Treaties, States Parties and Commentaries
Treaties and Documents
Geneva Conventions of 1949 and Additional Protocols, and their Commentaries
Historical Treaties and Documents
Convention (IV) relative to the Protection of Civilian Persons in Time of War. Geneva, 12 August 1949.
Internees shall enjoy complete latitude in the exercise of their religious duties, including attendance at the services of their faith, on condition that they comply with the disciplinary routine prescribed by the detaining authorities.
Ministers of religion who are interned shall be allowed to minister freely to the members of their community. For this purpose, the Detaining Power shall ensure their equitable allocation amongst the various places of internment in which there are internees speaking the same language and belonging to the same religion. Should such ministers be too few in number, the Detaining Power shall provide them with the necessary facilities, including means of transport, for moving from one place to another, and they shall be authorized to visit any internees who are in hospital. Ministers of religion shall be at liberty to correspond on matters concerning their ministry with the religious authorities in the country of detention and, as far as possible, with the international religious organizations of their faith. Such correspondence shall not be considered as forming a part of the quota mentioned in Article 107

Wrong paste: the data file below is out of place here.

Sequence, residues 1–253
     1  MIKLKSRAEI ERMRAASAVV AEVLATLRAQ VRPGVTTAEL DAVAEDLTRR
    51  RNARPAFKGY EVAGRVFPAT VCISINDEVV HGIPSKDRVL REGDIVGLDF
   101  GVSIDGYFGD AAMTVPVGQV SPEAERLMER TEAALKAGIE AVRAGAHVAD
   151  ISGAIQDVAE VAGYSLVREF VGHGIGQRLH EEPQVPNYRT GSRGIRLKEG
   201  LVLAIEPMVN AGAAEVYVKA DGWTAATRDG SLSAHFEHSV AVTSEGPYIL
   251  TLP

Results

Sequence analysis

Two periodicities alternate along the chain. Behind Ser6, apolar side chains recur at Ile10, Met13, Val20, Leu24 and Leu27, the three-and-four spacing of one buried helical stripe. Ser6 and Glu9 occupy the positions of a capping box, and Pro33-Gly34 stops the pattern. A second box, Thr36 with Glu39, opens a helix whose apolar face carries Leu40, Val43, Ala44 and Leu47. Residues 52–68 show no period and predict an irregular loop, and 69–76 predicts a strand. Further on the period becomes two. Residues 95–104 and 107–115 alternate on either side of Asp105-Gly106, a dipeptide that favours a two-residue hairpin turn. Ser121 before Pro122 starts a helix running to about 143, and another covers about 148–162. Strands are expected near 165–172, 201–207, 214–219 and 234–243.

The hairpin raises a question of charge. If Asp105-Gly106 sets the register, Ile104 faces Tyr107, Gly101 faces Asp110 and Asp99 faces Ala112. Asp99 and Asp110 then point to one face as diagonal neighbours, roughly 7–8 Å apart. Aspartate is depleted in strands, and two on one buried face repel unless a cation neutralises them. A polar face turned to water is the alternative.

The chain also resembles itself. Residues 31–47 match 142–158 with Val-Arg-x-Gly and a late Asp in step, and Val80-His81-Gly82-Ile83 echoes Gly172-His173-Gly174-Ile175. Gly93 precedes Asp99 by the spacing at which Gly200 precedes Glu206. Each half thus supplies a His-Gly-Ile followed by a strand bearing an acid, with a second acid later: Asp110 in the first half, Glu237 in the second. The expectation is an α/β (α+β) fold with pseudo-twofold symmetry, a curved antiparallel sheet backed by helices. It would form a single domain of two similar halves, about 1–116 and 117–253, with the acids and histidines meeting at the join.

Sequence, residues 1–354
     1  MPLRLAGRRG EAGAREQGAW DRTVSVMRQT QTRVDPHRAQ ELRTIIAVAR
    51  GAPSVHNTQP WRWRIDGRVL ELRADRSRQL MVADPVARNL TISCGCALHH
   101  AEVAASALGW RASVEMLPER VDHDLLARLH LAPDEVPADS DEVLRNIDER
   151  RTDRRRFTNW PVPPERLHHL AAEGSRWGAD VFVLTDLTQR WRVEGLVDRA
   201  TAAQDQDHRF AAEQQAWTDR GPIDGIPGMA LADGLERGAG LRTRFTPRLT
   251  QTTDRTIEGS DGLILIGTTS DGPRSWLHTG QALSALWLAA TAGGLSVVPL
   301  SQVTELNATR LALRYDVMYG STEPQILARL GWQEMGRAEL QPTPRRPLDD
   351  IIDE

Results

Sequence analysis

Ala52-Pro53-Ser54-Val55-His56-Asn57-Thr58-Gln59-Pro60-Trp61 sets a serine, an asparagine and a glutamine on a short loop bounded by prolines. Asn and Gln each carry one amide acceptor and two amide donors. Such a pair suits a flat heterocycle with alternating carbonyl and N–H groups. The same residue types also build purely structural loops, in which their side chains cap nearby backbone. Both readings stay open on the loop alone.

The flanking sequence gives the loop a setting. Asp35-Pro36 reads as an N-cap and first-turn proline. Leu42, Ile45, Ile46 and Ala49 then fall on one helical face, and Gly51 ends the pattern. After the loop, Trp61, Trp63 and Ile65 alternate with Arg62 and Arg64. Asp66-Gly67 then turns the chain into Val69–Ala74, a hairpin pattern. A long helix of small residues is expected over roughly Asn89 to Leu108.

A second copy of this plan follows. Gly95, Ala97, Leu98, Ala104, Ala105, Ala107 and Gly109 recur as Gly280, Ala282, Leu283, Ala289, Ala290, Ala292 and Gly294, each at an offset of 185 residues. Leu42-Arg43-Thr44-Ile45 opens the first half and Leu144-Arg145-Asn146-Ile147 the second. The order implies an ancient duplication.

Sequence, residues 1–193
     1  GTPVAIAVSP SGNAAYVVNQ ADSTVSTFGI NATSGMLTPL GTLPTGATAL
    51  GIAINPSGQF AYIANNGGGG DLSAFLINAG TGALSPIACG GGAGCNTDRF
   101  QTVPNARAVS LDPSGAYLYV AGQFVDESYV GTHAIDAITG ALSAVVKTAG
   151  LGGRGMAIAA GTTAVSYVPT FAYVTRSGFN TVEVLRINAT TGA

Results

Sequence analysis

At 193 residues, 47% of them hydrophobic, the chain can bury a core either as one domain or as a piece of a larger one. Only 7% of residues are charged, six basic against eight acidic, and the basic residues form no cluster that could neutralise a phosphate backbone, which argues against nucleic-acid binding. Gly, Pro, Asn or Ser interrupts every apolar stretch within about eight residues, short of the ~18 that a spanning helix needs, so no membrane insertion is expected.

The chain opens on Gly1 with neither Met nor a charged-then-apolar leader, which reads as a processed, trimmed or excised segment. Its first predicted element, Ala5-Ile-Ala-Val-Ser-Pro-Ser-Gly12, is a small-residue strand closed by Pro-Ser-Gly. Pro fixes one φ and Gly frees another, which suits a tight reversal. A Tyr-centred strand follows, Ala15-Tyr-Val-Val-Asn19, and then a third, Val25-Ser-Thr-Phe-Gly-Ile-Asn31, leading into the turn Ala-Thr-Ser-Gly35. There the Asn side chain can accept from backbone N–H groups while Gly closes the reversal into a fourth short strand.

. It shall, however, be subject to the provisions of Article 112
When internees do not have at their disposal the assistance of ministers of their faith, or should these latter be too few in number, the local religious authorities of the same faith may appoint, in agreement with the Detaining Power, a minister of the internees' faith or, if such a course is feasible from a denominational point of view, a minister of similar religion or a qualified layman. The latter shall enjoy the facilities granted to the ministry he has assumed. Persons so appointed shall comply with all regulations laid down by the Detaining Power in the interests of discipline and security.
Commentary of 1958